Gazette Vet: Pet Dentistry


By John Andersen, DVM

One of the least surprising findings I see day in and day out in dogs and cats is terrible dental disease. By far, dental disease is the number one chronic disease affecting dogs and cats. In my regular physical exam of these pets, I know that when I lift their lips, I’m likely to see problems. Broken teeth, loose teeth, rotten teeth, severe gingivitis, pus coming out of tooth roots—these are everyday findings. About half of the patients I see on any given day have some type of painful dental lesion causing chronic infection and inflammation.

Very rarely do the owners of these animals come in complaining about their pet having some dental pain—not that they’re clueless—most pet owners are pretty well in tune with their animal’s health and well-being. It’s just that dogs and cats are not wired to show pain. You never want to be the feeble-looking wolf in a pack, or the weak-looking bobcat wandering around in the forest.

Over the past 12 years, I have had exactly three clients come in telling me that their dog just broke a tooth. Yet I have extracted thousands of broken teeth. I have daily conversations like, “Did you know that Fluffy broke both of her major chewing teeth a few months back? They’re pretty infected looking.” Or, “As you can see here, I can wiggle Missy’s molar tooth and there is some pus coming out. Is she eating okay?” Clients are always surprised because their pets were acting normal.

Dental problems are just part of being alive. All of us have millions of bacteria in our mouths that would love to gain access to the deeper tissues. Our saliva, immune system, the enamel on our teeth, and a healthy gum-tooth junction all keep bacteria where they belong. That is, until these areas start breaking down.

Dogs and cats really don’t get cavities like we do. The enamel covering their teeth is strong and they really don’t have many pitted chewing surfaces. What they do get is periodontal disease, tooth root disease. Bacteria start building up at the gum line and start forming plaque. This eventually hardens, forming tartar, which then starts to build up at the gum line. Bacteria are well protected under this tartar and start causing gum recession. They work their way up the tooth root. The result is destruction of the bone surrounding the tooth roots, leading to pain, infection, abscessed teeth, terrible breath, and a host of other problems related to chronic infection and inflammation.

This is really no different than what happens with people, however we have the benefit of regular tooth brushing, flossing, and going to the dentist. Before the very modern advent of good dental care, tooth decay, root infections, and abscessed teeth must have been a daily struggle for everyone!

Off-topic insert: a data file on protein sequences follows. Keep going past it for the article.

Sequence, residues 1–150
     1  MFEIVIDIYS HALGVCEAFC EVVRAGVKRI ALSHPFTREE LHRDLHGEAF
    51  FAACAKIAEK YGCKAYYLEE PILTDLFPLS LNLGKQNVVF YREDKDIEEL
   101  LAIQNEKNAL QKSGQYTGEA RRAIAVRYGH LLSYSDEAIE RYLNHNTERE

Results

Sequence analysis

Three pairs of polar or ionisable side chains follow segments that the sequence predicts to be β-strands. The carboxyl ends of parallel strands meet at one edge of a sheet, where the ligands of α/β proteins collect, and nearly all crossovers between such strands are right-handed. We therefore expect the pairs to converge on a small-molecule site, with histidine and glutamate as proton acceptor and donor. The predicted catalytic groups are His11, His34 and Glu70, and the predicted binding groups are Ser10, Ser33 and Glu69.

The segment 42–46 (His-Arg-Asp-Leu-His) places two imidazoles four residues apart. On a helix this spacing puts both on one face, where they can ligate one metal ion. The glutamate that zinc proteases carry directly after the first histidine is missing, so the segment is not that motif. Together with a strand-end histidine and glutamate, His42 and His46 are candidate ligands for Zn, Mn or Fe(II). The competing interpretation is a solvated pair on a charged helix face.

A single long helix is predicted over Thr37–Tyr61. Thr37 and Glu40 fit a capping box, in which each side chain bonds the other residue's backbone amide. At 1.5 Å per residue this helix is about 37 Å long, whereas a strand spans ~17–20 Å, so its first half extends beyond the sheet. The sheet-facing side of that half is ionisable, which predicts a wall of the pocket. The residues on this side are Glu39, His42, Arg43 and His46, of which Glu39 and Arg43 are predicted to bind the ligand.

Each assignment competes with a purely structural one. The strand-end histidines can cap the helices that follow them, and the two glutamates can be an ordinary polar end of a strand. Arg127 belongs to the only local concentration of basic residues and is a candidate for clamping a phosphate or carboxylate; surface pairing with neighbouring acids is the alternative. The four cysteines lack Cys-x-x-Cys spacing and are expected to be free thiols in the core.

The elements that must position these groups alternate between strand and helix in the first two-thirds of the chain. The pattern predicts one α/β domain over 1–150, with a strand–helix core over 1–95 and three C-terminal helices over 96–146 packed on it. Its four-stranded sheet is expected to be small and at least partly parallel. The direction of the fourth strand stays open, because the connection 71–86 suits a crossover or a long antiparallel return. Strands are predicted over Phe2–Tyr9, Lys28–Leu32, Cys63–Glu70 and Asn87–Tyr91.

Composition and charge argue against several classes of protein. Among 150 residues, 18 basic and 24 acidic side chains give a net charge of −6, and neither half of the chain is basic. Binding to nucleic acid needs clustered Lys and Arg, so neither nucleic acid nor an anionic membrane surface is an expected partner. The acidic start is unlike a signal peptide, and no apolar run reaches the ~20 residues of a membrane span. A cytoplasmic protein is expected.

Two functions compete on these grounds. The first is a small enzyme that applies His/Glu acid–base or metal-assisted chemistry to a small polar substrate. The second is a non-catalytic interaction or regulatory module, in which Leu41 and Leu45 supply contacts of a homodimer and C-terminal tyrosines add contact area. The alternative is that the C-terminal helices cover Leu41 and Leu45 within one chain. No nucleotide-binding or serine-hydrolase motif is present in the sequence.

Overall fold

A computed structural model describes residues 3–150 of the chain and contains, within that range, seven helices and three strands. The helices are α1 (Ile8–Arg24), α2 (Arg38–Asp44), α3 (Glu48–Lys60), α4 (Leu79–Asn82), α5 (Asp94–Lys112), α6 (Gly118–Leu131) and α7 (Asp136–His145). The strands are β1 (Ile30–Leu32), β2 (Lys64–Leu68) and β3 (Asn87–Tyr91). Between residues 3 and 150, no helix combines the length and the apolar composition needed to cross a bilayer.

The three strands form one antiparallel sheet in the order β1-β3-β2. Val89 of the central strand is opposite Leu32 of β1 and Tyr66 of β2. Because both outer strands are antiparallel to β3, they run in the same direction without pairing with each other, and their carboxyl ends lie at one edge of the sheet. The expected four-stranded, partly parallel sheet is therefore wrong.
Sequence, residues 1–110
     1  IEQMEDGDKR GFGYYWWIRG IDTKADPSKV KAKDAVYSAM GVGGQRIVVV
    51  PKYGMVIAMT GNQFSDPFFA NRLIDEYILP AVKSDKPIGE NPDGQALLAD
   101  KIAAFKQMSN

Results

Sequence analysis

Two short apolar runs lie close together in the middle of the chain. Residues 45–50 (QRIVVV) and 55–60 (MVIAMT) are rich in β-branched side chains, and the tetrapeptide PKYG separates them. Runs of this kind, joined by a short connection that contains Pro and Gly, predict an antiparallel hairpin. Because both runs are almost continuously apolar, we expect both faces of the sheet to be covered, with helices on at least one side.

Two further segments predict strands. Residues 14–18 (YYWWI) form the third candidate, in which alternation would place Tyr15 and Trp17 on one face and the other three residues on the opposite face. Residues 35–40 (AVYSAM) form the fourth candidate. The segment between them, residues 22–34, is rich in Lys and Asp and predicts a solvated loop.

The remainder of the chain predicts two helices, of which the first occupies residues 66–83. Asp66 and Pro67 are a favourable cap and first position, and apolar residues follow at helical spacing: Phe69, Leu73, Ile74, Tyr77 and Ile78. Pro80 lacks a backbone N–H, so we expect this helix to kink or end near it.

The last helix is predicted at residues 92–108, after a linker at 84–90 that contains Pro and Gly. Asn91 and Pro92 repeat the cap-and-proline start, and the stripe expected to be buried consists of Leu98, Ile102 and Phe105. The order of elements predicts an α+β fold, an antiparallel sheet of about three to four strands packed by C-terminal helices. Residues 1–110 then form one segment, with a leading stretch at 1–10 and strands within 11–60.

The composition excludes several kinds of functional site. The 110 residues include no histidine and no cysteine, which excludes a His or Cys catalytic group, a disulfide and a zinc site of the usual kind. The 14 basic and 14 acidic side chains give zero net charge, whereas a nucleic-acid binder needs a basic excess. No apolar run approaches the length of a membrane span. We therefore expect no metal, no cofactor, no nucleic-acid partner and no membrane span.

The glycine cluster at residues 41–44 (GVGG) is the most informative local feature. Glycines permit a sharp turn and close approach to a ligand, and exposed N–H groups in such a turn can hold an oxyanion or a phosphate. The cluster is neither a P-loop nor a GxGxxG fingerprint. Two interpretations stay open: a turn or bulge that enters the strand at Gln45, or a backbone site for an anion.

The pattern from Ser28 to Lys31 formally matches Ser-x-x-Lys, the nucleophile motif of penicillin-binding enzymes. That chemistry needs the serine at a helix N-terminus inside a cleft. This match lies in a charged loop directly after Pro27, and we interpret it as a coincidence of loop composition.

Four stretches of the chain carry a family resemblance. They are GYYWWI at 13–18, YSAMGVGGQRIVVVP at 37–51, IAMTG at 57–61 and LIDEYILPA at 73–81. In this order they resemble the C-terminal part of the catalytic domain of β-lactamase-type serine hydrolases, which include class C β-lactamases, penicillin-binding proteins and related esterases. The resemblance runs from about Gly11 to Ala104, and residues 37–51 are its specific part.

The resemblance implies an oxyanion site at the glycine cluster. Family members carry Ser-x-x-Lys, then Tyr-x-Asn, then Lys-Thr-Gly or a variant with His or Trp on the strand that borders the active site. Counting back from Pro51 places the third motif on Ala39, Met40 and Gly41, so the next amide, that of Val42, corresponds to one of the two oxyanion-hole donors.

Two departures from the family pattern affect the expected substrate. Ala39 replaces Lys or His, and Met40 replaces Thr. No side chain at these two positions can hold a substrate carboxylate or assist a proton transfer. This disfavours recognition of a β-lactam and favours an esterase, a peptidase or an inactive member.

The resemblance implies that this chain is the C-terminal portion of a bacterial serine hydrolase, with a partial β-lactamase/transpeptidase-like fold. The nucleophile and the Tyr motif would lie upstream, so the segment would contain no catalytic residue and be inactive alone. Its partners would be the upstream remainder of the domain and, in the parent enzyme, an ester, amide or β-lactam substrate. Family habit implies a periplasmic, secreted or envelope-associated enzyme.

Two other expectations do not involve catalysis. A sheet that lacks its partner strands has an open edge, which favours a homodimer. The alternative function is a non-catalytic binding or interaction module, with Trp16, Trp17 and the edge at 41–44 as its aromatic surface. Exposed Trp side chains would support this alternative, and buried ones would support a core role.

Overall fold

Pets that come to me with broken or infected teeth are living with this discomfort all throughout the day. But typically they still want to play, they still smile and interact, and they still eat.

What do I do with bad teeth? Take them out! Fortunately, our pets need exactly zero teeth to survive just fine in their spoiled domestic world. A tooth that is broken, infected, abscessed, or loose needs to go, plain and simple. Your pet has been eating around these bad teeth anyway and will be thrilled to have them gone. We clean and polish the teeth that just have bad tartar but no severe disease.

I tell my clients the only downside to having their pet’s teeth worked on is the cost. We have to put animals under general anesthesia because there is simply no way they’ll let us clean their teeth, let alone extract diseased teeth, without heavy sedation/anesthesia. However, general anesthesia is extremely safe. I know, I know, you’ve probably heard of someone who has lost their pet under anesthesia. Fortunately the majority of those stories are from decades ago when drugs and protocols were not as safe. Today, the standard of care for anesthesia is exactly the same as for humans, same drugs, same monitoring, same knowledge base. I knock on wood as I say this, but I have never once lost a patient under anesthesia. We are just too careful and use the best protocols and monitoring.

Also, we almost never have problems with healing from extractions. Pets do not seem to get “dry sockets” like people do.

If you’re vet tells you that your animal needs some dental work, listen to what they have to say and ask questions. Look at the teeth to see for yourself, and think about how that is making your pet feel. I know it is very difficult to face when the cost is high and you’ve got other bills to pay, but if its possible, it will definitely keep your pet healthier.

We once adopted an older adult cat from the SPCA years back, “Miss Amy.” She had terrible teeth and was never happier than when she had only one tooth remaining in her entire mouth. Although we fed her canned food, she would still steal our other cat’s dry food and get it down just fine.


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